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Sibling Conflict is a Killer

Brian Herd has written a fabulous piece this week about sibling conflict over elderly parents.

While such conflict will not normally result in a death in the family, there will be a death of the family.

High need, dependant parents can expose a combination of terminal conditions in siblings – arrogance, self-righteousness, repressed enmities and jealousies, machinations, manipulations and the, ‘I know what’s best’ syndrome. Together, they plant the seeds of family ruination. It leaves mum and dad in desolate despair, implodes sibling relationships, infects even the relationships between nephews and nieces and ultimately, the indignity of the intrusion of benevolent bureaucrats into the family’s life.

Certainly, the best decision-maker for an older person is the person themselves. We have all witnessed an older person’s life being taken over by dominant relatives in an attempt to make it easier, better, safer, quicker, for all concerned (usually the family not the older person) and as Nurses, we endeavour to advocate on behalf of the client.

If the client is cognitively aware then we identify that to the family and encourage the older person to be involved in the conversation – too many times we might hear “I’m just trying to do what is best for mum” but mum has told us she is very upset with what is happening and feels railroaded into the process.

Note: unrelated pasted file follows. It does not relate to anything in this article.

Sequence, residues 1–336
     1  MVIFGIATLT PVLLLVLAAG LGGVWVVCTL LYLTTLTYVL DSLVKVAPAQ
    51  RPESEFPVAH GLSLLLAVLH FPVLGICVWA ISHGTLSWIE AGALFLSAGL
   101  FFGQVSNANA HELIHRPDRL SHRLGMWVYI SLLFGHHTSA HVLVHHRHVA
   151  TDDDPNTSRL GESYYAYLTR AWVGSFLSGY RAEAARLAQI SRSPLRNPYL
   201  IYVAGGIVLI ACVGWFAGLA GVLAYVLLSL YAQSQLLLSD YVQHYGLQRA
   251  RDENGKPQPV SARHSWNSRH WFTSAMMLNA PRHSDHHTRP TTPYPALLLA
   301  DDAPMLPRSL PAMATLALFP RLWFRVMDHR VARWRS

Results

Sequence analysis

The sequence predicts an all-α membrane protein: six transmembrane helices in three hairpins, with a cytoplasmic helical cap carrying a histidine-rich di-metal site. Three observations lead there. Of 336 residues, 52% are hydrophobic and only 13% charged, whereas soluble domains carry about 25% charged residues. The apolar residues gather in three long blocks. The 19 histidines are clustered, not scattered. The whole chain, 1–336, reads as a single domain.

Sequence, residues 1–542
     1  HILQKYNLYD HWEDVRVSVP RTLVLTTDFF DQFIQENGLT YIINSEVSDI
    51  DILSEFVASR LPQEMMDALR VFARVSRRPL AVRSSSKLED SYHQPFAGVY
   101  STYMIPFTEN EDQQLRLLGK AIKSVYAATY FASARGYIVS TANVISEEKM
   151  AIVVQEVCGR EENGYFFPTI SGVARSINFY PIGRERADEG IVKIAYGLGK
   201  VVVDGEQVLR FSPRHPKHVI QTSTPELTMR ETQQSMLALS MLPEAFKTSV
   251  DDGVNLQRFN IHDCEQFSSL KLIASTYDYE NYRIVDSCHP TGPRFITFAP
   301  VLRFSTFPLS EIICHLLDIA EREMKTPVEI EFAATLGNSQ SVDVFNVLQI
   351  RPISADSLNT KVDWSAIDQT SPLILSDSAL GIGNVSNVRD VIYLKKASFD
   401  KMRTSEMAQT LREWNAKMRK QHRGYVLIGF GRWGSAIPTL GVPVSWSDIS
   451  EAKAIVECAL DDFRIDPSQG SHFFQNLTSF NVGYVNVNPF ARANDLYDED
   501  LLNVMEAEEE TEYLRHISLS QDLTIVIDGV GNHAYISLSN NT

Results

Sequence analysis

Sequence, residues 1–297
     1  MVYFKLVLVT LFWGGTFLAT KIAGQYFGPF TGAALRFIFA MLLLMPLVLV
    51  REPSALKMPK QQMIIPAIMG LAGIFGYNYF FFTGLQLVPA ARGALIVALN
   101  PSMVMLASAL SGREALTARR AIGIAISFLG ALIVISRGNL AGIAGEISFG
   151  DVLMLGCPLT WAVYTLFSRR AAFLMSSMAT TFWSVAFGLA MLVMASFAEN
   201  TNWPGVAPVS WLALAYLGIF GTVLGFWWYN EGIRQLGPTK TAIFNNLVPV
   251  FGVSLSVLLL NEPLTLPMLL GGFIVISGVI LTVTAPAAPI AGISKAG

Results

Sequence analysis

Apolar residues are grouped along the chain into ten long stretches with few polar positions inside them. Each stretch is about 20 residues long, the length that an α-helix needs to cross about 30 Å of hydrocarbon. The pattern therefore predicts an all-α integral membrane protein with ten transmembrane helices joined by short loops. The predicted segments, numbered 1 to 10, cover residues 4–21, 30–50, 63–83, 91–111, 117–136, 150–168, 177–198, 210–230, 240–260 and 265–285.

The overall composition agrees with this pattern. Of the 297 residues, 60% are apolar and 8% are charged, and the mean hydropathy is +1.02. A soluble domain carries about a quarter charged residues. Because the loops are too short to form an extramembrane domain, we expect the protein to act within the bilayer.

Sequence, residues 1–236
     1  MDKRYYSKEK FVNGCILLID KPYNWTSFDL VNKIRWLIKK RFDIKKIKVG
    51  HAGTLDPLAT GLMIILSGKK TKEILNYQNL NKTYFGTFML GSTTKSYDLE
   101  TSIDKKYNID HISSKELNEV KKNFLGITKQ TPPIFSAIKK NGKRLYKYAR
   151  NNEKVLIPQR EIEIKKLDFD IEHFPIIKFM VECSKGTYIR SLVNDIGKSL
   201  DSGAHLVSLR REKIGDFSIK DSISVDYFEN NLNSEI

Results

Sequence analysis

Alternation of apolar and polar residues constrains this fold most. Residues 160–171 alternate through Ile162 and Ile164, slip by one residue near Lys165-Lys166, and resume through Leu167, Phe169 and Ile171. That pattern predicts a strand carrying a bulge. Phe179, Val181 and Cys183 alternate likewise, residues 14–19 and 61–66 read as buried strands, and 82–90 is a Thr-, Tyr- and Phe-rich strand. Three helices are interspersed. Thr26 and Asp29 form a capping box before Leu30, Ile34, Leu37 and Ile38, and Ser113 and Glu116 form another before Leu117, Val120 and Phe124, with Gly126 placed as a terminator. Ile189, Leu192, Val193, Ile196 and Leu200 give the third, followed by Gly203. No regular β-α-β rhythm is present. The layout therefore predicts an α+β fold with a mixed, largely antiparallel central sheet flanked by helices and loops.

It may take a number of meetings, and the negotiating skills of a diplomat, but we aim to empower the older person.

As Brian identifies the problem arises when there is an issue with cognition – someone needs to make the decisions for the older person and that is where the cracks in the family dynamics can begin to show. Brian identifies that the problem is accentuated when there is no Enduring Power of Attorney.

Competition arises between family members as to who will be the decision-makers and we as Nurses can get caught up in the family dynamics. Have you ever found yourself in the situation when one family member will request a certain care strategy for a parent and then another family member will come to you and want the exact opposite? Or you’ll find yourself ringing a family member to discuss a client’s requirements and then be stopped in the corridor the next day by a different family member and asked why you hadn’t rung them?

The lack of an identified decision-maker can cause problems for the staff caring for the client but also destroy family relationships. If a decision cannot be made then a guardian may be appointed which leads to further problems within the family dynamic. As Brian identified it can be the death of the family relationship.

To read Brian’s full article click here>>